Studies call for climate collaboration to end GERD dam dispute

By Laureen Fagan - 3 February 2023 at 9:45 pm
Studies call for climate collaboration to end GERD dam dispute

Africa’s largest hydropower dam, the Grand Ethiopian Renaissance Dam, is the focal point of still-unresolved tensions between Ethiopia, neighboring Sudan and downstream Egypt because of impacts to Nile River water resources. Most recently, talks in Egypt included the GERD diplomatic impasse during a visit from Tony Blinken, the United States Secretary of State.

“We’re committed to working toward a settlement that advances the interests of all parties, that supports the water security, the economic development, and the livelihood of Egyptians, and also their neighbors in Sudan and in Ethiopia,” said Blinken on Monday. “Like all difficult discussions, that process is best served by a spirit of flexibility and compromise from all sides, but we fully recognize and appreciate the quite literally existential issues – interests that Egypt has in water.”

Now there’s a new proposal from researchers at University of Manchester who used river-system and economy modelling simulators, along with artificial intelligence techniques, to demonstrate how all parties could benefit from compromise and a cooperative approach.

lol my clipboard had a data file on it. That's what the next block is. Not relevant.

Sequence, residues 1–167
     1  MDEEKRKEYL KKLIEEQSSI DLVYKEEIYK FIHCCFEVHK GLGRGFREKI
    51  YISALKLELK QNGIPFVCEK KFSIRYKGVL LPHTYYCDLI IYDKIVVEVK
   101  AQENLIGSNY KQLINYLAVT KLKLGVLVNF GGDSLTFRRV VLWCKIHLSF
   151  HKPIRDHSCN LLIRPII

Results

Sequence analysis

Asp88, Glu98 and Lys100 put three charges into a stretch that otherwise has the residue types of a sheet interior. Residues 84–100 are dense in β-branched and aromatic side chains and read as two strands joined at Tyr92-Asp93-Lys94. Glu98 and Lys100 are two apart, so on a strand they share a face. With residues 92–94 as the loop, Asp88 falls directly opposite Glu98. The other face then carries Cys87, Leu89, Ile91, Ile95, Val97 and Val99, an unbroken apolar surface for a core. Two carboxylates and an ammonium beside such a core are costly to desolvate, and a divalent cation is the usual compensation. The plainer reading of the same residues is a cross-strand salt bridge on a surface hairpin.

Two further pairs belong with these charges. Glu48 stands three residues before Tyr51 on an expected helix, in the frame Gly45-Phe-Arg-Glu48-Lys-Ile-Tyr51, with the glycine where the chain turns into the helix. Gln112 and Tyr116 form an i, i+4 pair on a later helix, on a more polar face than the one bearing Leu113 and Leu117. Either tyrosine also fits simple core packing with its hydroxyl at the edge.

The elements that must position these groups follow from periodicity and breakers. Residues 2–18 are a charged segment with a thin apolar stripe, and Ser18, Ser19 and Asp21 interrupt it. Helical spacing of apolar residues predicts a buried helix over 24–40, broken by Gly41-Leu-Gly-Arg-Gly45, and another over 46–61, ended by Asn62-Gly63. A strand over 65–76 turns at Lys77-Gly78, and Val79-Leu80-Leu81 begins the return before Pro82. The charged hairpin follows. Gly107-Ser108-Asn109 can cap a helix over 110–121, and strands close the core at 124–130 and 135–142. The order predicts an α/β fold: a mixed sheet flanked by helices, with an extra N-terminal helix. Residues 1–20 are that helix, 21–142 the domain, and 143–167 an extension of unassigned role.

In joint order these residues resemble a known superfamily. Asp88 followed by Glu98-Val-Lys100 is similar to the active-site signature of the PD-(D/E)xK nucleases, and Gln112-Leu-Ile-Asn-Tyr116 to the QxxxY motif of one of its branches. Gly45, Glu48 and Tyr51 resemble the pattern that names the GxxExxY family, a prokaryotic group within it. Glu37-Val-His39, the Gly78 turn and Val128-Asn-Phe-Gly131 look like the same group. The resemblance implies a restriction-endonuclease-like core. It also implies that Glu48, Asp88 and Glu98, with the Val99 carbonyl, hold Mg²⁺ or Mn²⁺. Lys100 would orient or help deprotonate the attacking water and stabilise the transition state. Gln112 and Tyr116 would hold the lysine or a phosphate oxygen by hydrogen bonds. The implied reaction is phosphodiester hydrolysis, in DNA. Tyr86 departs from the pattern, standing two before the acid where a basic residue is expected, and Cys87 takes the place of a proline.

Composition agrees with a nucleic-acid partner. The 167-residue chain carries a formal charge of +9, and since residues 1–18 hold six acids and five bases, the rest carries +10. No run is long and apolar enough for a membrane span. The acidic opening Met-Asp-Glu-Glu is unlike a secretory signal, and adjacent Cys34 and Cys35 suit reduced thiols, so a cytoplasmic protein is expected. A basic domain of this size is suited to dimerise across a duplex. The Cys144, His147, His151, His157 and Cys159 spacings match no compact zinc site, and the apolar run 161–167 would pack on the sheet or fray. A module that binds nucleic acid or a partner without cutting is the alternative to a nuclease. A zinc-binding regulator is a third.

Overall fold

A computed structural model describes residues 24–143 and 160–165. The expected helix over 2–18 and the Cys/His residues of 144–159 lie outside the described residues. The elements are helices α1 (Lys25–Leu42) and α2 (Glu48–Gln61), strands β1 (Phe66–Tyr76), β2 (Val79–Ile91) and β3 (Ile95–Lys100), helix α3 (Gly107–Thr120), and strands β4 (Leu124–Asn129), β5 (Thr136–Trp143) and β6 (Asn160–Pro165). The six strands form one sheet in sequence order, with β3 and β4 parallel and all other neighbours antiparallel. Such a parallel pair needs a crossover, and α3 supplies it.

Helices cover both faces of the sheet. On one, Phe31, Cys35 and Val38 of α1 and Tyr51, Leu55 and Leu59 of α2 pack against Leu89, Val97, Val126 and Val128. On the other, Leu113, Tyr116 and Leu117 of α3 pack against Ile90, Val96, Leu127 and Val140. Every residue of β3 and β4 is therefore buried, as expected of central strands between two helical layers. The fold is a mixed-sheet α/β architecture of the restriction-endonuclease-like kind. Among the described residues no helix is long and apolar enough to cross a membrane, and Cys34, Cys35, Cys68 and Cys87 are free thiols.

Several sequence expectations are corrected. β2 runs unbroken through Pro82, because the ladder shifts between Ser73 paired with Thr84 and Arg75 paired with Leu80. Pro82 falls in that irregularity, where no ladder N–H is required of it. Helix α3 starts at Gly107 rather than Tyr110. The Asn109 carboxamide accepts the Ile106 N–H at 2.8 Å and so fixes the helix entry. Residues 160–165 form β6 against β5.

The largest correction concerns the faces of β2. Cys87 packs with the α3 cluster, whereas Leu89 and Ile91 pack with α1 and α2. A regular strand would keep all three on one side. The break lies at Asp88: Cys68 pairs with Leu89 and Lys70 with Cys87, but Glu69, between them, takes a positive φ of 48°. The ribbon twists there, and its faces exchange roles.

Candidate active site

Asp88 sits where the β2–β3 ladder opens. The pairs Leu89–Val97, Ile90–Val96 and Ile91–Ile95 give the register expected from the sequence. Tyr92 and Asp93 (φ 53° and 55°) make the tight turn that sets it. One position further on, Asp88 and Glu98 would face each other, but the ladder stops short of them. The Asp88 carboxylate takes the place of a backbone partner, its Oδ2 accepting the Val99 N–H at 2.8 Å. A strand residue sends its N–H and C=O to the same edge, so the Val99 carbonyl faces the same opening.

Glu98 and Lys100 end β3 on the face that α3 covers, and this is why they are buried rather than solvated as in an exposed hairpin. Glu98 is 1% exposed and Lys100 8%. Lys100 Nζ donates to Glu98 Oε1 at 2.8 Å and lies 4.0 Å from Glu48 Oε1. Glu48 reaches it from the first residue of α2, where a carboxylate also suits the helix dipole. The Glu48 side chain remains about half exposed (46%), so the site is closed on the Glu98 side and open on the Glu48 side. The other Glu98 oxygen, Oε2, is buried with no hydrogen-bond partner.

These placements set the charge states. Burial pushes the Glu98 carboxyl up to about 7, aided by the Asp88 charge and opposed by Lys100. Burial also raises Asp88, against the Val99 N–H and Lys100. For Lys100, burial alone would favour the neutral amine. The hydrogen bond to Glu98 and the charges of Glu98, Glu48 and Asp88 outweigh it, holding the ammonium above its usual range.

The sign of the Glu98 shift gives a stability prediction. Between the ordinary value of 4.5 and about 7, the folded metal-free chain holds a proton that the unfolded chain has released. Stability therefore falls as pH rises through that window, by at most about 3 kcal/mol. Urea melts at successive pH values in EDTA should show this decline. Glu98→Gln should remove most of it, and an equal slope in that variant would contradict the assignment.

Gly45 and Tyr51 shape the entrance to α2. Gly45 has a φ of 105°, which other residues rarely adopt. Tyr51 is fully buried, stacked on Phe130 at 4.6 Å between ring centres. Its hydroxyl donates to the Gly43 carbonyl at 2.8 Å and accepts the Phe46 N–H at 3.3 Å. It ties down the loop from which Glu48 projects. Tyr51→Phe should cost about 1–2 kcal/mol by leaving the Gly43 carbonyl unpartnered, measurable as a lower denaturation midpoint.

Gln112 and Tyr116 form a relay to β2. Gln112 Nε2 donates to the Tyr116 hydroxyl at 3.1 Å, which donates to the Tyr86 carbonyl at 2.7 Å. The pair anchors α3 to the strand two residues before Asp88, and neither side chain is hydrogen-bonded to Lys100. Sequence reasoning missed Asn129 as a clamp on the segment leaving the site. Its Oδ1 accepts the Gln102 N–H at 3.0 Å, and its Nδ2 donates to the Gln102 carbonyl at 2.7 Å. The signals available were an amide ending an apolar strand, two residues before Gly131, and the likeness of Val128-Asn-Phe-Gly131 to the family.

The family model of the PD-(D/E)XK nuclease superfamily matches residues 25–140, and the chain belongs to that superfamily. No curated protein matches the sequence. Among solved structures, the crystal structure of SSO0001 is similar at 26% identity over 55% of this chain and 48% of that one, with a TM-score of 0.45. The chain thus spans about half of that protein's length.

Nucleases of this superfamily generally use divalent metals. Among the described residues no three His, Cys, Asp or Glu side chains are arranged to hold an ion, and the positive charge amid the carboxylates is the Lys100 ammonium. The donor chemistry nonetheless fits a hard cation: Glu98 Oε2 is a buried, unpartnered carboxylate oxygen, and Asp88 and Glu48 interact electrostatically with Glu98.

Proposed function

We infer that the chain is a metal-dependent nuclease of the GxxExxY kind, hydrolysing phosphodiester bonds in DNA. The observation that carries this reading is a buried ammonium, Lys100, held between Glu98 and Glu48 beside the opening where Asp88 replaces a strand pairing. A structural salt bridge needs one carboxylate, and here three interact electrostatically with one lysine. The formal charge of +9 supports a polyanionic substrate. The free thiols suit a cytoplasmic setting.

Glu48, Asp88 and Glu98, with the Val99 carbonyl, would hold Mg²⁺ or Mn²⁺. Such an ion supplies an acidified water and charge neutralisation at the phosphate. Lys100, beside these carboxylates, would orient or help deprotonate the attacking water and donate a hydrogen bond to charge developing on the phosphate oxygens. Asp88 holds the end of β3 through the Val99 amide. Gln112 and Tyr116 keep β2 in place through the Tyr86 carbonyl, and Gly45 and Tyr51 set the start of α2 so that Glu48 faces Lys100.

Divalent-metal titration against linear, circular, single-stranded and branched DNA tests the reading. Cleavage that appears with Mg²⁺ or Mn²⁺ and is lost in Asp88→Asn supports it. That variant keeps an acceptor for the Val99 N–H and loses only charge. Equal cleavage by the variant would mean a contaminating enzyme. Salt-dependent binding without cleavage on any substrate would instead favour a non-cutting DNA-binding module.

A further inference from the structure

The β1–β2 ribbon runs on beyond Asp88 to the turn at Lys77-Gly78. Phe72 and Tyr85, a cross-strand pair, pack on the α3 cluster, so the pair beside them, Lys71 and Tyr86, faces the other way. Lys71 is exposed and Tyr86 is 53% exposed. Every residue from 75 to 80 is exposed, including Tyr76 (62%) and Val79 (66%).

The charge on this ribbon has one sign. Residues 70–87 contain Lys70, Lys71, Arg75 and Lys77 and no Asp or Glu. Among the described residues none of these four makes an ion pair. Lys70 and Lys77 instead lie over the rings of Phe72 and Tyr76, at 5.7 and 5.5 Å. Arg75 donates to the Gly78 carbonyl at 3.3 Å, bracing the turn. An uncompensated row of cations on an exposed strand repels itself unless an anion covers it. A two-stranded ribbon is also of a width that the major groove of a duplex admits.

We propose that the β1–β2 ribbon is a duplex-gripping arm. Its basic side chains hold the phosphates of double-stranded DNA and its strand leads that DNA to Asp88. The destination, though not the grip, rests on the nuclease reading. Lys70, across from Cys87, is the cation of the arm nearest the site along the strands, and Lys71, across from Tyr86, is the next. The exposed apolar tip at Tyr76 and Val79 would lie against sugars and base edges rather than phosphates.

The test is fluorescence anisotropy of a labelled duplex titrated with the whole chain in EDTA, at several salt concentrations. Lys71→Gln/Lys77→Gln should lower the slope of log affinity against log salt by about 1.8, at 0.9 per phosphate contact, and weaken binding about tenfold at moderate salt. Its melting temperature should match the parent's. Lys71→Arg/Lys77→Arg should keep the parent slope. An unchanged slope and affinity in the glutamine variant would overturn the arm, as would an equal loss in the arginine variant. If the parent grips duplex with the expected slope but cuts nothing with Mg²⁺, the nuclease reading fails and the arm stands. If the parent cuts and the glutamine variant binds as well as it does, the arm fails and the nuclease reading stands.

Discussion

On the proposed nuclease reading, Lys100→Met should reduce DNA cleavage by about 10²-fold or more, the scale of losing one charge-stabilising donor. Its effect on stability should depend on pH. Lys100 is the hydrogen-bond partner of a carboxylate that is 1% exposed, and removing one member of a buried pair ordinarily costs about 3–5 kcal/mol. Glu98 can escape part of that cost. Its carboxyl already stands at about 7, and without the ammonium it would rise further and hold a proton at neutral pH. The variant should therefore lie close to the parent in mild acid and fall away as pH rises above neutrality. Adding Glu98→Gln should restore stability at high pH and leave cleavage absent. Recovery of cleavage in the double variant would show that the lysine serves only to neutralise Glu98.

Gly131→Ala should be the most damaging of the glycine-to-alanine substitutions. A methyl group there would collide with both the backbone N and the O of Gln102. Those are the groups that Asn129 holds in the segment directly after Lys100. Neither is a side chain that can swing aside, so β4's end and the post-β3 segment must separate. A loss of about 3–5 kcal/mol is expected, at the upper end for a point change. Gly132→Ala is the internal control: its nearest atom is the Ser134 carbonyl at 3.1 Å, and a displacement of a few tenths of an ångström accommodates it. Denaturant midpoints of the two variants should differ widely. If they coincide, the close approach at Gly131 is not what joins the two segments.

The new approach allows for adaptive agreements, such as help for Egypt during drought seasons, that would address both the current political tensions and future climate impacts. The work was published recently in the journal Nature Climate Change.

“Nile negotiations have aimed to produce static long-term agreements, but there is high uncertainty on the medium and long-term impacts of climate change on the basin’s rainfall, streamflow, temperature, and socio-economic systems,” explains paper co-author Dr. Mohammed Basheer.

Previous studies also have suggested “win-win” collaborations, including models that call for other renewable energy sources (wind and solar) to be deployed alongside the GERD dam hydropower project.

Image: University of Manchester


Laureen Fagan

Laureen Fagan

Laureen is the editor of Africa Times

Laureen is a freelance journalist creating high-quality, informed content on international affairs, politics and technology. She has worked both in and out of newsrooms since 2000. She is a former paramedic with significant experience in community resilience and nonprofit community development initiatives, and maintains "a passion for action" on sustainability and climate change. She also is trained in conflict resolution and diversity, and has special interests in science and medical reporting, and culture and religion issues. Laureen received her MSJ from Northwestern University's Medill School of Journalism in the United States, and completed additional graduate study in theology at University of Notre Dame. Follow Laureen on Mastodon at

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